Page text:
Government needs to take lead on e-wallets

Updated: 2017-03-22 07:30

By William So(HK Edition)

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Since the Hong Kong Monetary Authority granted the first batch of stored-value facilities licenses in August last year, several operators have launched mobile-payment apps which allow peer-to-peer transfers or offline retail payments.

As these licensees scramble to quickly grab as much market share as possible the city has been flooded with e-wallet apps. This is a good development in that consumers have more choices. More importantly, Hong Kong has finally made another big leap in e-payment technology, 20 years after the introduction of the Octopus card in 1997.

But the sudden appearance of so many e-payment apps has also caused us a little trouble: Which one will we choose to use?

When the first batch of e-wallets was launched, several factors prevented me from downloading them. First of all, no offense but I simply did not believe these mobile payment apps would run smoothly without any bugs to deal with, particularly with their initial versions. Secondly, no one around me seemed to have the desire to try the new apps; so even if I was keen to do so, I had no one to transfer money to.

Government needs to take lead on e-wallets

In short, overwhelmed by concern about the lack of interoperability, I decided to wait and see.

In his Policy Address this year, the Chief Executive said the government was committed to developing Hong Kong into a smart city through innovation and technology. To this end, the government announced a slew of measures to help promote innovation and technology, including a HK$2 billion venture fund.

If the government is as committed as it claims to promoting financial technology in the city, it should proactively promote the development and application of mobile payments. It can do so by taking the initiative to develop a centralized mobile payment system; it can also jointly develop such a system with private startup companies or established financial institutions.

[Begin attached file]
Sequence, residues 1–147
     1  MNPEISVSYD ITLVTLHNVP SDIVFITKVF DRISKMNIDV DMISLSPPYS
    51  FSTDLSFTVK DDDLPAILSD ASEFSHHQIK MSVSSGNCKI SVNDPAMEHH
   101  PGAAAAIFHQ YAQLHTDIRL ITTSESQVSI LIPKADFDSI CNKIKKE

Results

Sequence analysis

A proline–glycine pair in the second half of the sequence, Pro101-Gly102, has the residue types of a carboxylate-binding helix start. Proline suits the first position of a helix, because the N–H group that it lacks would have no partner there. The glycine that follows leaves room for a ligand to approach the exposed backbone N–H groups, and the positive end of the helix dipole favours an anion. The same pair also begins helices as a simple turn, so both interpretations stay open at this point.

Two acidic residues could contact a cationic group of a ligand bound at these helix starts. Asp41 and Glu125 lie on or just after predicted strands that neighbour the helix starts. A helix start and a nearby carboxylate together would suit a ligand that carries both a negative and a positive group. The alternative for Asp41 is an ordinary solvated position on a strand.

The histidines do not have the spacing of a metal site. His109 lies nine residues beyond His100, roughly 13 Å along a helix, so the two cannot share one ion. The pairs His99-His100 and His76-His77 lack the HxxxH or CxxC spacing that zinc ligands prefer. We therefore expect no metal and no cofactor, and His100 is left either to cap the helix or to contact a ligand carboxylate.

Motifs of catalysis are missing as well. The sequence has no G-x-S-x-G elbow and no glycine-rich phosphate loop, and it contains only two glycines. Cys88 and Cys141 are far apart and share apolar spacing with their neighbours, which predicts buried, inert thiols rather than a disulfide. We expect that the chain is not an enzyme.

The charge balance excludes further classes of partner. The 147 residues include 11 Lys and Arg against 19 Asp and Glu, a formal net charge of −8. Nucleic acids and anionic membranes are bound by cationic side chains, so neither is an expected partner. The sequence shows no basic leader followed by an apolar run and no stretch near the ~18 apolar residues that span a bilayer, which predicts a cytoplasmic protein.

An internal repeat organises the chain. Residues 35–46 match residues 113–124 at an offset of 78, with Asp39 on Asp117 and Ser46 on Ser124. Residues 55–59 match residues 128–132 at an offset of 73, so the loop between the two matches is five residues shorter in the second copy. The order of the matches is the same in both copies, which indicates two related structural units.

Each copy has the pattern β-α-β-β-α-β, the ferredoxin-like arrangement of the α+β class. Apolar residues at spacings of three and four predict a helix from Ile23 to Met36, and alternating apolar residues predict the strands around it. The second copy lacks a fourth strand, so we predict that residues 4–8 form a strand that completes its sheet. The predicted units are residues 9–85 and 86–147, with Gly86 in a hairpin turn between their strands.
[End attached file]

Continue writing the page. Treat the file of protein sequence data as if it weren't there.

India offers us a good example in this aspect. The Indian government recently announced in its budget for the 2017-18 fiscal year that it would shortly launch a centralized payment system, Aadhaar Pay. Consumers with a bank account and a mobile number do not need any physical payment instrument, so long as the merchant has installed the system. Consumers would not even need a phone or card to initiate a transaction. The Aadhaar Pay system does not involve a P2P mechanism. The concept behind this system is what I am advocating - a government-led initiative to build a smart and cashless community.

Such a centralized mobile payment app would, in my opinion, solve the issue of interoperability and demonstrate the government's commitment to promote fintech in Hong Kong. And more importantly, it could in turn attract more foreign investment and speed up the evolution of fintech.

From a business perspective, industry players would rather go their own way because once a player acquires a handsome market share by successfully rolling out its own infrastructure, it will gain an advantage over late-comers as has been the case with WeChat Pay or AliPay on the Chinese mainland. But if Hong Kong is to catch up with the rest of the world in fintech, I believe it is necessary for the government to take the lead to develop a centralized mobile payment system.

(HK Edition 03/22/2017 page8)